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What preposition do I use with übergeben:

Nach dem ersten Weltkrieg wurde Kamerun an Frankreich übergegeben.

I want to say:

After the first World War Cameroon was handed over to France.

Can the preposition "an" be removed or not?

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1  
BTW: Don't try to use übergeben reflexive. sich übergeben means something quite unpleasant... –  PMF Jan 10 at 10:30
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2 Answers 2

up vote 5 down vote accepted

Very simply: No.

You can sometimes do it, but here that would lead to confusion as to what was given and what was receiving.

In cases where the roles are clear, either by context or their cases, you can in non-formal speak do this.

als Preis wurde Mark Wurst übergeben.

OR

als Preis wurde Wurst an Mark übergeben.

as you can see here: The an completely turns around the meaning.

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You can always do it. But you're right that one shouldn't. Unless you have pronouns, that is. "Der Preis wurde mir übergeben" sounds better than "an mich" at least to me... maybe you could add that bit to the answer. –  Emanuel Jan 10 at 11:03
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The preposition "an" is the right one to use, but you could leave it away. The sentence would still have the same meaning. But in most cases you would use it with the preposition.

Is this sentence from you or is it from some old book? It sounds like rather old german. You'd rather say:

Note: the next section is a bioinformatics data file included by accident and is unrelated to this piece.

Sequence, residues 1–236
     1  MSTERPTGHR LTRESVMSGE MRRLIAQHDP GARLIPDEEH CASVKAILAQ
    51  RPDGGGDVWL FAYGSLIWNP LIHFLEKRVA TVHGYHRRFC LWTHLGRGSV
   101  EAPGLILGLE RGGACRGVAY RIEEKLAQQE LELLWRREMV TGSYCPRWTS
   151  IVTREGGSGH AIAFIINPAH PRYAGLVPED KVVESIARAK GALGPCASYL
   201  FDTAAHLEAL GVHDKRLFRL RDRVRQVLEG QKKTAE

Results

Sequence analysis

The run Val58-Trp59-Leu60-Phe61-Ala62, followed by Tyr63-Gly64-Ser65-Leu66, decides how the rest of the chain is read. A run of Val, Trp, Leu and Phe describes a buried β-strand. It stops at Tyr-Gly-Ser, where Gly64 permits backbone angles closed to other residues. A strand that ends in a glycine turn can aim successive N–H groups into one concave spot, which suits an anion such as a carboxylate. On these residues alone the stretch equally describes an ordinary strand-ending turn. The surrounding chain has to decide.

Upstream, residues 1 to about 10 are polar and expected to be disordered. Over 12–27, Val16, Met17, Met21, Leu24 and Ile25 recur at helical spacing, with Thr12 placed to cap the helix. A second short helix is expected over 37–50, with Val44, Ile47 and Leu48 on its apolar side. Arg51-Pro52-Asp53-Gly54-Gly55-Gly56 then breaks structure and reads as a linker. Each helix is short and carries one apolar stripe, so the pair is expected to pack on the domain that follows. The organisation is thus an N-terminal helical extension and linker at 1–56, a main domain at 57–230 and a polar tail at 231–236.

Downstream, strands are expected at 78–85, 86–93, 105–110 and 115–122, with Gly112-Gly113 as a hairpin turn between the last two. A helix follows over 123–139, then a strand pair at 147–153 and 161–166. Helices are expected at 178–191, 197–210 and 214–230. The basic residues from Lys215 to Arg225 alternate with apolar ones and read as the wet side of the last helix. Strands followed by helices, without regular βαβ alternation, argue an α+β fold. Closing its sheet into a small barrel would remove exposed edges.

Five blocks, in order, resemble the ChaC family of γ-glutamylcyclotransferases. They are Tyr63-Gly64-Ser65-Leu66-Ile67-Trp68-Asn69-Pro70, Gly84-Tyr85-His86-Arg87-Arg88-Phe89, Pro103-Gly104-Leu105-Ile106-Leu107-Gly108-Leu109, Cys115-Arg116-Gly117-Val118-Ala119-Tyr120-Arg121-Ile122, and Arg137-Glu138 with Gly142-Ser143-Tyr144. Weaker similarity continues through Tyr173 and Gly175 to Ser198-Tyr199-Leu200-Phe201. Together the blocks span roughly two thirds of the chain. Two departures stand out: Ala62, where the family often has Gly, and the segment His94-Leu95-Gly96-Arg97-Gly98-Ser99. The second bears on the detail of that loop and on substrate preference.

Nach dem ersten Weltkrieg wurde Kamerun an Frankreich übergeben.
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Mark is right, that the sentence would be ambiguous. "...wurde Kamerun Frankreich übergeben" -> Either "...wurde Kamerun an Frankreich übergen" or "...wurde an Kamerun Frankreich übergeben" --- Hence, I'm afraid you're not right. –  Em1 Jan 10 at 10:09
    
Axo. Ich habe das Verb "übergeben" falsch konjugiert. Danke für die Korrektur. –  DerPolyglott33 Jan 10 at 10:10
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Unfortunatelly, I can't comment on Mark's answer. So I'll do it here: Your example is a little flawed, because you include 'as a prize' –  Stefan Jan 10 at 10:11
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@Em1: It would only be confusing out of context. I don't think you would use a sentence like this just by itself. The context would clarify. –  Stefan Jan 10 at 10:14
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Maybe, maybe not. You can't tell. For that reason, you can mention that if context clarifies you can drop an but you shouldn't make people think that the sentence on its own is unambiguous. –  Em1 Jan 10 at 10:20
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